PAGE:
Douglas Niles, author of the DSG and author of many other fine D&D products.
I have just acquired off eBay, Horror on the Hill, filling nearly the last hole in my BECMI collection of modules.
Horror on the Hill may not have been my first D&D game but it is the first I clearly remember. The party of 1st level characters was attacking down into second level against the hobgoblins and when it looked like they would be overwhelmed, retreated up the steps to 1st level and used the tables to half barricade the stairs and lob flaming oil down onto the hobgoblins. It must have been tense as I remember it well.
That party went on to be my longest running BECMI campaign, equalled in length only to my AD&D campaign I ran for years with my younger sister (AD&D allowed us to have a greater variety of classes).
The BECMI campaign was played with two other friends and we rotated DM, and we each controlled more than 1 character. We were probably 13-14 when we played Horror on the Hill.
One day I would love to play X10... wouldn't we all. I dream that my B2 campaign would follow onto B5, B10, X1, X?, X10....
Well one can dream.
So Douglas Niles has plenty of old school credibility in my mind and in the DSG he shares some of his wisdom and advice about dungeon mastering in a very coherent fashion. If he had blogged what he wrote it would be top of the blog pile for advice and I would have immediately placed it prominently into the Links to Wisdom house rule wiki (Don't forget to vote for the logo poll at Daddy Grognard)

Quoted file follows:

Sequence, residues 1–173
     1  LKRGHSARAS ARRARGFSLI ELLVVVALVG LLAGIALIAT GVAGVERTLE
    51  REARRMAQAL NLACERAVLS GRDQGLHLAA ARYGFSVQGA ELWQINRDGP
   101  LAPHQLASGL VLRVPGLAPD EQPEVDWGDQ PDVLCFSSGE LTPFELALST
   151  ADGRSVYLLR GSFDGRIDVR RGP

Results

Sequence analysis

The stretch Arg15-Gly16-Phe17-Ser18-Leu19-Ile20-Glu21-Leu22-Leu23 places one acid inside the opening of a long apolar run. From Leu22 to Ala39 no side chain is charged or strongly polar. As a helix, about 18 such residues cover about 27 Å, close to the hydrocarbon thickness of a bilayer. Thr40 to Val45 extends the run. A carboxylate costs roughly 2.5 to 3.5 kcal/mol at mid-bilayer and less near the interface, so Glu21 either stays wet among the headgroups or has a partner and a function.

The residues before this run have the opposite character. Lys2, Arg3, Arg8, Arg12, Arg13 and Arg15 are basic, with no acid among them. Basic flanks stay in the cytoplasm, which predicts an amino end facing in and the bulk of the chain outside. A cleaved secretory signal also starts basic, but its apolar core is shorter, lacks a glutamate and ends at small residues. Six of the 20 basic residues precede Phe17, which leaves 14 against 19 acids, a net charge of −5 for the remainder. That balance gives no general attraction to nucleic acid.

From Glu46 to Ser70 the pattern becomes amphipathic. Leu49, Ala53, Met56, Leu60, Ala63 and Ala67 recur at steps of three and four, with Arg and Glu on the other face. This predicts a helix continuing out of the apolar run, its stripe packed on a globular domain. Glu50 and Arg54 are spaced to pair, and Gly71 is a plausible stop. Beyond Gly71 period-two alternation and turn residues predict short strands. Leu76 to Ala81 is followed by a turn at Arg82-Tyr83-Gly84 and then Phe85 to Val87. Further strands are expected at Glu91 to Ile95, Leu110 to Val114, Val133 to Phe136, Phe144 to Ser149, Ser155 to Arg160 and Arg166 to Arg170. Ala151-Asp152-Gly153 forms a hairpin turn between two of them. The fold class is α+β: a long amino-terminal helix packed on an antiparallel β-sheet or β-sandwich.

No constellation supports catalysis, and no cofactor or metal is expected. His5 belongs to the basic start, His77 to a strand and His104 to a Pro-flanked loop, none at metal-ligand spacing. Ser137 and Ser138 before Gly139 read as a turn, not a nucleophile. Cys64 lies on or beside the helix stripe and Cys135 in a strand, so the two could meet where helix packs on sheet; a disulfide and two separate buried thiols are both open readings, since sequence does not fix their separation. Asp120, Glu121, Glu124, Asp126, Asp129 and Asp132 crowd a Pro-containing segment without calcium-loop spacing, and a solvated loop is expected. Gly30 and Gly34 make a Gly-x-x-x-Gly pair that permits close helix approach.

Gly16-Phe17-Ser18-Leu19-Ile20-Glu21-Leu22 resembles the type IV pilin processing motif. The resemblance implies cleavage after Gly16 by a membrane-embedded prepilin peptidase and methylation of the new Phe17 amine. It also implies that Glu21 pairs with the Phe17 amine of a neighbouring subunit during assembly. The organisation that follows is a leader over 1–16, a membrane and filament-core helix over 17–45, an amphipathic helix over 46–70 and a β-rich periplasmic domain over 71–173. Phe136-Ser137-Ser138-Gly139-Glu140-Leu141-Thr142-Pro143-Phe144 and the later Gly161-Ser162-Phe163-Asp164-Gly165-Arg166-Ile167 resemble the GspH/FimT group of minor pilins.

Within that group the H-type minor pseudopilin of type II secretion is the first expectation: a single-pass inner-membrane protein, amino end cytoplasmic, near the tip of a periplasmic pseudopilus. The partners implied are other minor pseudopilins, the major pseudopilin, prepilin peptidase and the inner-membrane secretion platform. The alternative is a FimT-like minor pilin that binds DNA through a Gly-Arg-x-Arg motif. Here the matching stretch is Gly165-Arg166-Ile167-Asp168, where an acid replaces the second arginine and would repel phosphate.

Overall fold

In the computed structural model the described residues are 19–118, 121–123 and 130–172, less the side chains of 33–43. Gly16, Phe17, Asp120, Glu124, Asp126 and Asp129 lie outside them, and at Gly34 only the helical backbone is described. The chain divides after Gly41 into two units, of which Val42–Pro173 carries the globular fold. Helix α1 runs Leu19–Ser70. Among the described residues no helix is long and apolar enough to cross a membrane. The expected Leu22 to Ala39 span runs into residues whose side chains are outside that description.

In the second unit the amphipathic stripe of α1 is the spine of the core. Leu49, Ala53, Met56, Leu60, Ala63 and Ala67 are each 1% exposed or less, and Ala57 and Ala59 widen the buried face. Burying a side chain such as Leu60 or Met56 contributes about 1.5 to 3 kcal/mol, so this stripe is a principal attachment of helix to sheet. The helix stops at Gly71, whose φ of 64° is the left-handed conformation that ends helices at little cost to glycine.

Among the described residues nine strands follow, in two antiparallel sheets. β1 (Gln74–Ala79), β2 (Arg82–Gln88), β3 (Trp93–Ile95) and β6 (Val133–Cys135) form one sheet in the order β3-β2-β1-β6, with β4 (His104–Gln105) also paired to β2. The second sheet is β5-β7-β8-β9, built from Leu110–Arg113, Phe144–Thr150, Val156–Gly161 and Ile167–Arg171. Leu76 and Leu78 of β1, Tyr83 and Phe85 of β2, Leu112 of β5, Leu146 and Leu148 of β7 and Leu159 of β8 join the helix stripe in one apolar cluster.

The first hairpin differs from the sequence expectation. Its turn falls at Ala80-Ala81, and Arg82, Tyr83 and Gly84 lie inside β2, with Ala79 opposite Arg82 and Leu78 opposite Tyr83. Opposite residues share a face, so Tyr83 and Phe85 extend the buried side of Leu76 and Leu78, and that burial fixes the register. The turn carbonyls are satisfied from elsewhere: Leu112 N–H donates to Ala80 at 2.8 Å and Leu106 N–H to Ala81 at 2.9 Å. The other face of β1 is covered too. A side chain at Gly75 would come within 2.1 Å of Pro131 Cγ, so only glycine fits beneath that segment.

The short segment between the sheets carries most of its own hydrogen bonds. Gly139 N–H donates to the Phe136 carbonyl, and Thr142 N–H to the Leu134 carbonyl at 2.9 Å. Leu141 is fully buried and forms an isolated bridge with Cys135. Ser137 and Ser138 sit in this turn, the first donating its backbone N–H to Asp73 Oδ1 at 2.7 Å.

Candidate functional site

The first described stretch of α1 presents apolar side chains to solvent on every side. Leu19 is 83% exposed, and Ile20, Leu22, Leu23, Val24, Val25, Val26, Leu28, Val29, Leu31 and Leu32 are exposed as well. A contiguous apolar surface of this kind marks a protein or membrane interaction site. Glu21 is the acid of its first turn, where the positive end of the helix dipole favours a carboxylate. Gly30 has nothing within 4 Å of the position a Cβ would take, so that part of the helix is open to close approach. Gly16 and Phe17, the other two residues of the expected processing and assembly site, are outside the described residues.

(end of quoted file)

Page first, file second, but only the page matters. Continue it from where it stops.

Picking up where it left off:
Some of his wisdom:
Players are generally either adventurers (action and combat orientated), problem-solvers (who see the campaign as a great puzzle, who like plot twists) and role-players (enjoy creating details about their characters).
Most of my campaigns I have been with friends who prefer adventure, with my sister the role-play and learning more about our characters was the most important thing. Combat, especially for her, was just the steps required to develop ones's character.
Niles describes that often your players have mixed and changing interests between these three stereotypes, so a DM needs a fine art of Juggling and he offers advice.
In world setting he describes how one can add richness and detail and emphasises the importance of consistency, and how other intelligent races in a world will make a difference.
He talks about the importance of story and story telling for a DM dividing a typical story into
1. Exposition (where you capture the players attention and he says "A common mistake of DMs (and, alas, module designers) is to have a non-player character deliver a long, detailed speech to the PCs" and he offers advice - acting it out, distribute maps and documents, distribute information cards to different players
3. Denouement - where loose ends are tied up
He then talks about running multiple story lines and using the below as motivators and enticers for ones players.
- magical items
- experience points
He talks about techniques of story telling and campaign design
= the linear adventure
= the Open campaign (sand box though he doesn't use that term)
= the matrix campaign (a combination of both the above)
Finally he gives advice on preparing for play, using pace and your voice and a few other gems.
14 pages in all and NO, I won't just tell you everything he says in all these topic areas after wetting your appetite
Gems we should take
1. The most coherent advice for the intermediate experienced DM ever published in the Gold and Silver
age of TSR.